“People don’t listen to announcements. They just aren’t paying attention.”
That was a common problem I had each week when I was serving full-time at a church. I would make announcements on stage and then people would come to me and ask a question that was clearly announced an hour ago ! How frustrating!
First I blamed them. Then I blamed the last minute announcements that would show up in my hand on a post-it note or written on a torn off corner of the bulletin.
Then I started to wonder… could it be the way I’m doing announcements?
Is there a better way?
Could I take what I’ve learned from #AskAdam in the Church Communications Group and what I’ve learned from my training at StoryBrandand fuse them together to make my 3 minutes a week more effective?
I came up with 4 things that could improve my weekly announcements and it seemed to work.
1. Start with the problem.
We do events for a reason… hopefully. When we announce an event we should start with the problem that event solves.
For example, your church may have hosted a Super Bowl event for men this past year. Here’s how we typically announce it: “Hey guys, come watch football, eat some food, and hang out with us.”
If we start by addressing the problem first, this is what it would sound like:
“A lot of men struggle to get to know other men in the church which makes them feel disconnected. We want to invite you this Sunday to watch some football, eat some meat, and get to know a few other guys in the church you may have never met before…”
When we start with the problem first, we set a hook. The problem gets our audience’s attention. BTW, This is also a great way to being a sermon.
BONUS POINTS & SIDE NOTE: When hosting events like this for men… offer free childcare. Turn this event for men into a way men can serve their wives by getting the kids out of the house for a while too. Otherwise, when women hear “event for men” they hear “you’re stuck with the kids by yourself.”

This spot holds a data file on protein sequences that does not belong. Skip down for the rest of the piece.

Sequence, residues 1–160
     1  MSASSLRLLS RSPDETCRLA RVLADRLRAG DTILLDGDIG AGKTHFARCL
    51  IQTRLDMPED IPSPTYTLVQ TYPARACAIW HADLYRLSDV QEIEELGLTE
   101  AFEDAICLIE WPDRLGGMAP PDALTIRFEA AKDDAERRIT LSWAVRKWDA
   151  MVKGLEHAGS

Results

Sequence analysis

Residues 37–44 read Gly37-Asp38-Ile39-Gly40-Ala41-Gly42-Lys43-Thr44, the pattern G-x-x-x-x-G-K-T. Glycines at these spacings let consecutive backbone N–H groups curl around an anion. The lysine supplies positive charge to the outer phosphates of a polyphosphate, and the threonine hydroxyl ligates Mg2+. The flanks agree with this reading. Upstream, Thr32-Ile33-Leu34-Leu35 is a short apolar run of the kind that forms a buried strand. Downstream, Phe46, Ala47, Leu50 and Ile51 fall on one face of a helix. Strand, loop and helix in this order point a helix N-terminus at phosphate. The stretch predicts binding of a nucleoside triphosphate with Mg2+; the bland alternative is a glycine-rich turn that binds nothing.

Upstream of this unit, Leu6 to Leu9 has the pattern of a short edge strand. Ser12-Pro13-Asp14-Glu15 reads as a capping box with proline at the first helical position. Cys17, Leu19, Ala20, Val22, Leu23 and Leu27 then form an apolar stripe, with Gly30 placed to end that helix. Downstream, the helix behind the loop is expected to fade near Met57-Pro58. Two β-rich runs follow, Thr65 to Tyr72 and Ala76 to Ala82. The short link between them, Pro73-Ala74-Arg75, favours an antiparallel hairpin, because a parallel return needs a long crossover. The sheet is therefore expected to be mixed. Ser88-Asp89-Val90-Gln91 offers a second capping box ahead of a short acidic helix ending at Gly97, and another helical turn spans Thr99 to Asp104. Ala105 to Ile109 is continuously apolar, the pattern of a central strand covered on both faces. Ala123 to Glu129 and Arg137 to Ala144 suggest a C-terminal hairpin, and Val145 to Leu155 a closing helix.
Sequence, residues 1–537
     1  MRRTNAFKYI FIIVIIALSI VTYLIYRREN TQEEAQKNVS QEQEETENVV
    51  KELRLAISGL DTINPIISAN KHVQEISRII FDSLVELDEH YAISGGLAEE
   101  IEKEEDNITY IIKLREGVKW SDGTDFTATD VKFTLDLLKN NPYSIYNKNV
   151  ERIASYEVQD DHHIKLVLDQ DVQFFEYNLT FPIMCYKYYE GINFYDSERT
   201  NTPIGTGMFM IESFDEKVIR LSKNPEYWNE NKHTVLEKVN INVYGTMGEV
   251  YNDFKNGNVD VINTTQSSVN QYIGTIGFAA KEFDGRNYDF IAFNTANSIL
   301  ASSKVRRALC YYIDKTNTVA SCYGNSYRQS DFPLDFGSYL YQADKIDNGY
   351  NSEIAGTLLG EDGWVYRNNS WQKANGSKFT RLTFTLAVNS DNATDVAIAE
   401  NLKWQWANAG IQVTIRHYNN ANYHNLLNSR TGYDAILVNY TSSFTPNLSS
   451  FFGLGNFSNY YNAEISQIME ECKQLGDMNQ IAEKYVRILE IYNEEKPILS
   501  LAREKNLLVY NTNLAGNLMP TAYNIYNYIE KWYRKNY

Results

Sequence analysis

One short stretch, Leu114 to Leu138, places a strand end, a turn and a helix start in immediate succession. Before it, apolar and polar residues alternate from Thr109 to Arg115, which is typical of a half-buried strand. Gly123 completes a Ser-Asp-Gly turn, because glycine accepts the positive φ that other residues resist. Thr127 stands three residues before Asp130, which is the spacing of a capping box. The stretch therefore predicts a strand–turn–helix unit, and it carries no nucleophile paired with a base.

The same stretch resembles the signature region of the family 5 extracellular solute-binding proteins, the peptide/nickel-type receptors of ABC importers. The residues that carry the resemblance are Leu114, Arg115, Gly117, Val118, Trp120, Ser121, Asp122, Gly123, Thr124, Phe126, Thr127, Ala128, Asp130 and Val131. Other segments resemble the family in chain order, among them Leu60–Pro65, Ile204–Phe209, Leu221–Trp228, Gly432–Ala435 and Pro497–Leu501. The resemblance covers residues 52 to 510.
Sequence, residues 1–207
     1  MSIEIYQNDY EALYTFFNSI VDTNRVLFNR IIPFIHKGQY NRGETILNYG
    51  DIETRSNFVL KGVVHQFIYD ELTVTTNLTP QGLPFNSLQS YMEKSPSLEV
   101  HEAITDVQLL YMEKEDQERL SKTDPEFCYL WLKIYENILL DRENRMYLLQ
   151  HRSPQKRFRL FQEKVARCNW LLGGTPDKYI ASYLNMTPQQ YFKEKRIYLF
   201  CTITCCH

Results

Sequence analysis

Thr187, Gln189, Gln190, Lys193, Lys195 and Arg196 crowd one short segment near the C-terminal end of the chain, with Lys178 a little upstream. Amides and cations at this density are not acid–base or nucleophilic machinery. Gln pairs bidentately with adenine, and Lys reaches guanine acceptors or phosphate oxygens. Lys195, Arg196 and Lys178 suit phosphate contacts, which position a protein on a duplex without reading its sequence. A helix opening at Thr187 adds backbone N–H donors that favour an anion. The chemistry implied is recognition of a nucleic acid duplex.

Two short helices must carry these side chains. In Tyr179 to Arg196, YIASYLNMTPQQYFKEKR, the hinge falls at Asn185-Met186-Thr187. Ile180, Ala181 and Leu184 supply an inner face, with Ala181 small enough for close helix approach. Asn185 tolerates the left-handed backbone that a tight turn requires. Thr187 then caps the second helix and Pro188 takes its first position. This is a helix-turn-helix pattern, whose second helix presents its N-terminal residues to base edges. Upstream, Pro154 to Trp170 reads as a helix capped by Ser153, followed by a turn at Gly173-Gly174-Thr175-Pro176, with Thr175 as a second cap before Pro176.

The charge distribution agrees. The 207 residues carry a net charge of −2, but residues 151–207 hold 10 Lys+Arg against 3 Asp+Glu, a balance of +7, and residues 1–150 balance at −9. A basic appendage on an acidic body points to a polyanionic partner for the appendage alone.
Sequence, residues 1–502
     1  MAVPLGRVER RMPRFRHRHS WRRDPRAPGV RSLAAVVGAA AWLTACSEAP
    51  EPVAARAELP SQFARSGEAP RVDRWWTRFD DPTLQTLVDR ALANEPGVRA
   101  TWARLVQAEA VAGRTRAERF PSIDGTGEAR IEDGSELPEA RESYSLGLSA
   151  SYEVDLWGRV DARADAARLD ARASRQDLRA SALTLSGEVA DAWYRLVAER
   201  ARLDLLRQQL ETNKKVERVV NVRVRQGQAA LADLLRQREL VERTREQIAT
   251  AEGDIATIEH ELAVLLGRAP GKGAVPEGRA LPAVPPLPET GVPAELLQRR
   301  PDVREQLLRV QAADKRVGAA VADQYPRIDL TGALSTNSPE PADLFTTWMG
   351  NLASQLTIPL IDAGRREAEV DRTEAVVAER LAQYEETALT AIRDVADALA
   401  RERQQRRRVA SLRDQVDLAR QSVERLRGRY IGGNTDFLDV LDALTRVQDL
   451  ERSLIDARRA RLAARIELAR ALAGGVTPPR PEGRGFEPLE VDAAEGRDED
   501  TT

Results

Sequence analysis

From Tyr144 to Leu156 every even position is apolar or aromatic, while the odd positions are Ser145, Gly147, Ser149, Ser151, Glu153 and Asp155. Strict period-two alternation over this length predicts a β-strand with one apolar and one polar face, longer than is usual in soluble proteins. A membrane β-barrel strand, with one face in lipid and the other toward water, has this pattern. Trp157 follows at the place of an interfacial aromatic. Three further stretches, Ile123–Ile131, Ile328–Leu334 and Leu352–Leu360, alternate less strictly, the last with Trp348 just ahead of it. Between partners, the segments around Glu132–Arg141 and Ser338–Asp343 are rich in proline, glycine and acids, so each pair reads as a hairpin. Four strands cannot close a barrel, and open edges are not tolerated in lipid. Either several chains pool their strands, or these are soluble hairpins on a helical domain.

2. What does success look like?
When you announce an event, not only should you start with the problem, you should finish with the success.
What is the positive result if people attend this event, or do this thing, or donate time/money to this?
Back to our super bowl example:
“A lot of men struggle to get to know other men in the church which makes them feel disconnected. We want to invite you this Sunday to watch some football, eat some meat, and get to know a few other guys in the church you may have never met before. Not only are you going to have a great time but you’re also going to leave with new friends and deeper connections.”
3. Keep it to the top 2-3.
For some reason we step on the stage and start spilling the beans for 6-7 minutes.
I would get on stage and think I had to tell everyone about everything that has and will ever happen at the church. That’s what your website, bulletin, screen graphics and connection table are for.
You should limit your announcements to the top 2… maybe top 3, if you have to.
By limiting the announcements you promote on stage, there’s a better chance people will remember them and actually engage.
4. Write your announcement BEFORE you plan the event.
When you consider the problem and the success of your announcement, it sort of serves as a vision statement for that event. What you’re really doing is writing out why you’re doing this event and what should the end result look like.
This really comes in handy when you’re planning your event. It keeps you focused and intentional as you plan around your announcement.
Sometimes we get even better ideas for our event. Sometimes it helps us consider canceling the event altogether.